Feminist Elephant Seals Take to the Water

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Humans apparently aren't the only animals with a feminist movement. Female elephant seals from the South African sub-Antarctic Marion Island colony are protesting the system of hierarchy in their world the only way they know how — by taking to the water.

Normally, female southern elephant seals (Mirounga leonina) mate only when they are part of a dominant male's harem. The massive seals congregate on beaches, and males stake a claim to sometimes hundreds of females, in a system known as polygyny.

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Elephant seal bulls make Stanley from A Streetcar Named Desire seem like a nice guy. The big males bellow and battle for territory. Only the biggest and fiercest males can defend their harems. During the fights, however, males often kill females and their pups as they throw their weight around.

Males can grow up to 16 feet long (about 5 meters) and weigh 6,000 pounds (2,800 kilograms), but females are generally much smaller, tipping the scales at 1,650 pounds (750 kilograms) and measuring 10 to 12 feet (3 to 3.6 meters). That size difference means male elephant seals can easily overpower females.

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But Nico de Bruyn, a marine mammal ecologist at the University of Pretoria working with other South African and Australian researchers, has found that as many as half the females from the Marion Island colony are avoiding the harem system and the male bullying on the beaches. The message seems to be: If the males want to mate, they will have to do it in the water, where the females are on more equal terms.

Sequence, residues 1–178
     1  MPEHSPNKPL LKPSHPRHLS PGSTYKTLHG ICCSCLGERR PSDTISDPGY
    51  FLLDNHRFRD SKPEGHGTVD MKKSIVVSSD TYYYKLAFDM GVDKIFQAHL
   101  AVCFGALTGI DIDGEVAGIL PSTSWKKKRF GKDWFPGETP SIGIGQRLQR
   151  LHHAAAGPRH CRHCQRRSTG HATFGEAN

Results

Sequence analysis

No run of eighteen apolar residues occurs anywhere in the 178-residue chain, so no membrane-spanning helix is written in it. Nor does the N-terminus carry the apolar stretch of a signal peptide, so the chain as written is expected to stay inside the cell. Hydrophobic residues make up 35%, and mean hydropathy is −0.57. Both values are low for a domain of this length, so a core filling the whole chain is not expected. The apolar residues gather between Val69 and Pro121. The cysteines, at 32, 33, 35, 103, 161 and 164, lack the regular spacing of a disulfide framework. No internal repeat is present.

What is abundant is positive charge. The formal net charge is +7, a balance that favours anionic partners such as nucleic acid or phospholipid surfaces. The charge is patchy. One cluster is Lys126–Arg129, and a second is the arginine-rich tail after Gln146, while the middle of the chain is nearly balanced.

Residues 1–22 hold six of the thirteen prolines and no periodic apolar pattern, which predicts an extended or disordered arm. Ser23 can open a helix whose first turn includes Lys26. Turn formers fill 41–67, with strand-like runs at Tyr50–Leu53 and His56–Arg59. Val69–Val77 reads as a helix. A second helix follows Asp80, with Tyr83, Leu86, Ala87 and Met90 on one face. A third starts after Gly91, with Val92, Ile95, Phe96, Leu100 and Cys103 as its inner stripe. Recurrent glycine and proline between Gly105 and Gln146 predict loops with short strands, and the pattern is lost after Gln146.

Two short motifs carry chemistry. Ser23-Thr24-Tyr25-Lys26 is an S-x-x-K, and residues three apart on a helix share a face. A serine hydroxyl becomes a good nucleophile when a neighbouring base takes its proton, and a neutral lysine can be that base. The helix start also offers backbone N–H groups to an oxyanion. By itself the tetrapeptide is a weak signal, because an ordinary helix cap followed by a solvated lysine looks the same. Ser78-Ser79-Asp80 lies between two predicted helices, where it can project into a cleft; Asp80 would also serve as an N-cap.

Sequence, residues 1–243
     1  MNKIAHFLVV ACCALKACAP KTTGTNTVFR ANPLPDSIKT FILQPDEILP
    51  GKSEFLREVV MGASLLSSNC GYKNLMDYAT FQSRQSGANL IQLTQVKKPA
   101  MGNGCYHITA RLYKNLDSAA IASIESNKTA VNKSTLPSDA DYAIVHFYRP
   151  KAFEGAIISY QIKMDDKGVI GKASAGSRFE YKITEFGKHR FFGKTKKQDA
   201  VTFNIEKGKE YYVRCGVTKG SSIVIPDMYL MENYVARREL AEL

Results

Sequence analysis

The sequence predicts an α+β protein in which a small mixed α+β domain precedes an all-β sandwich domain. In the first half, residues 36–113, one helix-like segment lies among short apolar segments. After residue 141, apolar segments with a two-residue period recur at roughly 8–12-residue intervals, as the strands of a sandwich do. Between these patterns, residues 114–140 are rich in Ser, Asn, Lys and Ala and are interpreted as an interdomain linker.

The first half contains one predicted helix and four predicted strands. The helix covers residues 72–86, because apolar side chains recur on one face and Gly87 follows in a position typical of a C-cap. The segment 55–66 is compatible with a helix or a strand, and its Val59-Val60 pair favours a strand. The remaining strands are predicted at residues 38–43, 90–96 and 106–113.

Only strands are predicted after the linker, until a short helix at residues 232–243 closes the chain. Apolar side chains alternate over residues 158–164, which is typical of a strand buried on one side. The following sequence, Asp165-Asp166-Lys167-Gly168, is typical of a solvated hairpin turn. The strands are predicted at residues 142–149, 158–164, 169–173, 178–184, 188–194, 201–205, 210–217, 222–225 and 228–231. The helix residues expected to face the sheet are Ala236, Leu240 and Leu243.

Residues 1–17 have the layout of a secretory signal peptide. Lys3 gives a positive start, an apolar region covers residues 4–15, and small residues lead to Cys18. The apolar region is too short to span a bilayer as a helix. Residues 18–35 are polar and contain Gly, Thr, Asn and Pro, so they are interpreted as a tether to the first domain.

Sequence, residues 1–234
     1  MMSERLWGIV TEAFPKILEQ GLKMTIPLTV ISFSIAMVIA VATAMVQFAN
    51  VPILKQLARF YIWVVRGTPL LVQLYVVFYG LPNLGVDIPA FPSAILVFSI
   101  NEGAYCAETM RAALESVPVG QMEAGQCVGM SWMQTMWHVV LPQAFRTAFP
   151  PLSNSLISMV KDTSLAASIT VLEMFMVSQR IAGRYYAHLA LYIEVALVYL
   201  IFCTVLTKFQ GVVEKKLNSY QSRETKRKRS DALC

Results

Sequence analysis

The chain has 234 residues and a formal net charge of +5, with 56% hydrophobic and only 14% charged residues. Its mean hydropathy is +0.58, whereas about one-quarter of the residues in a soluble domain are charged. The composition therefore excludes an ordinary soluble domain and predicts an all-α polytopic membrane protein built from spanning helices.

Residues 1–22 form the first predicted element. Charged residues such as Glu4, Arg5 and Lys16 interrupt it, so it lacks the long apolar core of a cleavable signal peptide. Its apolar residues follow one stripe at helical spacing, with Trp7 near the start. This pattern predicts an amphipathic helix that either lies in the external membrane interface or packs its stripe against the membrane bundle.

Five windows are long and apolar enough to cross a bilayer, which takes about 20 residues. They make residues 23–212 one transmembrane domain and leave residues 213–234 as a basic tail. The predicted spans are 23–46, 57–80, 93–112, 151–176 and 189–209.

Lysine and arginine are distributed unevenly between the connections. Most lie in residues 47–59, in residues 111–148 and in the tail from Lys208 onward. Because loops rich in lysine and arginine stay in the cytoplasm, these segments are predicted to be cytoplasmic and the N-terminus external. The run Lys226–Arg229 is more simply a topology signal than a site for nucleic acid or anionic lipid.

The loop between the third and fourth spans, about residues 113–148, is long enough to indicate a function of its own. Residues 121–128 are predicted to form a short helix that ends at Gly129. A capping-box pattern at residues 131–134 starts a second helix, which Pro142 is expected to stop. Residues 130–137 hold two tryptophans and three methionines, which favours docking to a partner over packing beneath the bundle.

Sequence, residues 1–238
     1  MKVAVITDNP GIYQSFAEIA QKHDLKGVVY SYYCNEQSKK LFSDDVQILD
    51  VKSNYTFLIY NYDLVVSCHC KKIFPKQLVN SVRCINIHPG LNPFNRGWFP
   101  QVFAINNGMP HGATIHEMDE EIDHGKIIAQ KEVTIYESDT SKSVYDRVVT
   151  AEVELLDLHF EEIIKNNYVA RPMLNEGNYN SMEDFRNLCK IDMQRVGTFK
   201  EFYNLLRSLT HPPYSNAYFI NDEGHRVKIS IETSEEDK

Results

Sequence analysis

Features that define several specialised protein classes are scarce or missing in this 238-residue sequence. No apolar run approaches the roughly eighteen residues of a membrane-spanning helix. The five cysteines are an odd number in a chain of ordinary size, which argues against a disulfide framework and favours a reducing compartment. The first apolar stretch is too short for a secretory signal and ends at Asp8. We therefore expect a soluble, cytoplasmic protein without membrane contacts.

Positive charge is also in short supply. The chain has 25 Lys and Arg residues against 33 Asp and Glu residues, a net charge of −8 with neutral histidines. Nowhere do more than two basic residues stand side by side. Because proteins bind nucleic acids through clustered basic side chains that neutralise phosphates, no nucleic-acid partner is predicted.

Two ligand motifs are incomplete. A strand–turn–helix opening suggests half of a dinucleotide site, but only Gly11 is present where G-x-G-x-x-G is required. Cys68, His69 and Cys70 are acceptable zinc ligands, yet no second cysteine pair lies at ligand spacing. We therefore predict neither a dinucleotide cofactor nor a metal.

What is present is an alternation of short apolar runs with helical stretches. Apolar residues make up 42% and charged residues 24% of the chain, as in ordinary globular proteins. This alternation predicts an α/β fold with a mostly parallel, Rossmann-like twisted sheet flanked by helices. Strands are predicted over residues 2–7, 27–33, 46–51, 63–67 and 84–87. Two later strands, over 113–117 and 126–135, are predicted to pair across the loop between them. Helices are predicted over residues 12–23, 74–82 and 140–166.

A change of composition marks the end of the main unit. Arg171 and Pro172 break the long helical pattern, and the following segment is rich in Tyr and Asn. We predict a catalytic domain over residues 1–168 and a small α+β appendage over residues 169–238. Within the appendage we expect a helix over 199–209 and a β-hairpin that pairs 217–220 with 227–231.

"For a male, even if he is huge in comparison to the female — which they are — coercing a female is so much more difficult in the water because she has more options," de Bruyn said in an article in Inside Science.

The behavior has not been observed in other elephant seal populations.

"We have no evidence that it occurs in northern elephant seals. I'm not even sure how prevalent the observation is for southern elephant seals," said ecologist Daniel Costa of the University of California, Santa Cruz, who leads a tagging program for northern elephant seals in the Pacific.

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Elephant seals were nearly extinct at the end of the 19th century. Humans hunted them for their blubber until both species, the northern and southern elephant seals, were down to perhaps 100 individuals.

But humans stopped hunting the seals and their numbers recovered. Over the past 25 years, researchers have been tracking the Marion Island elephants seals. By studying where the creatures spend their time, de Bruyn and colleagues noticed that some females skipped mating seasons on the beach but still ended up pregnant.

The researchers believe that the females may have developed an alternative mating strategy that gives them more control over their mating choices. In their study, "Sex at sea: alternative mating system in an extremely polygynous mammal," published in the journal Animal Behavior, they suggest that female alternative mating strategies should be examined in other polygynous species.

"Traditional concentration on male strategies has hampered our understanding of mating systems, in assuming that females capitulate to these strategies," they write. "We suggest similar misinterpretations could occur in other polygynous species."

Indeed, there may be other feminist revolutions going on in the animal kingdom.

IMAGES 1 and 2: Two northern male elephant seals fight for dominance. (Wikimedia Commons)

IMAGE 3: Elephant seals mating. (Wikimedia Commons)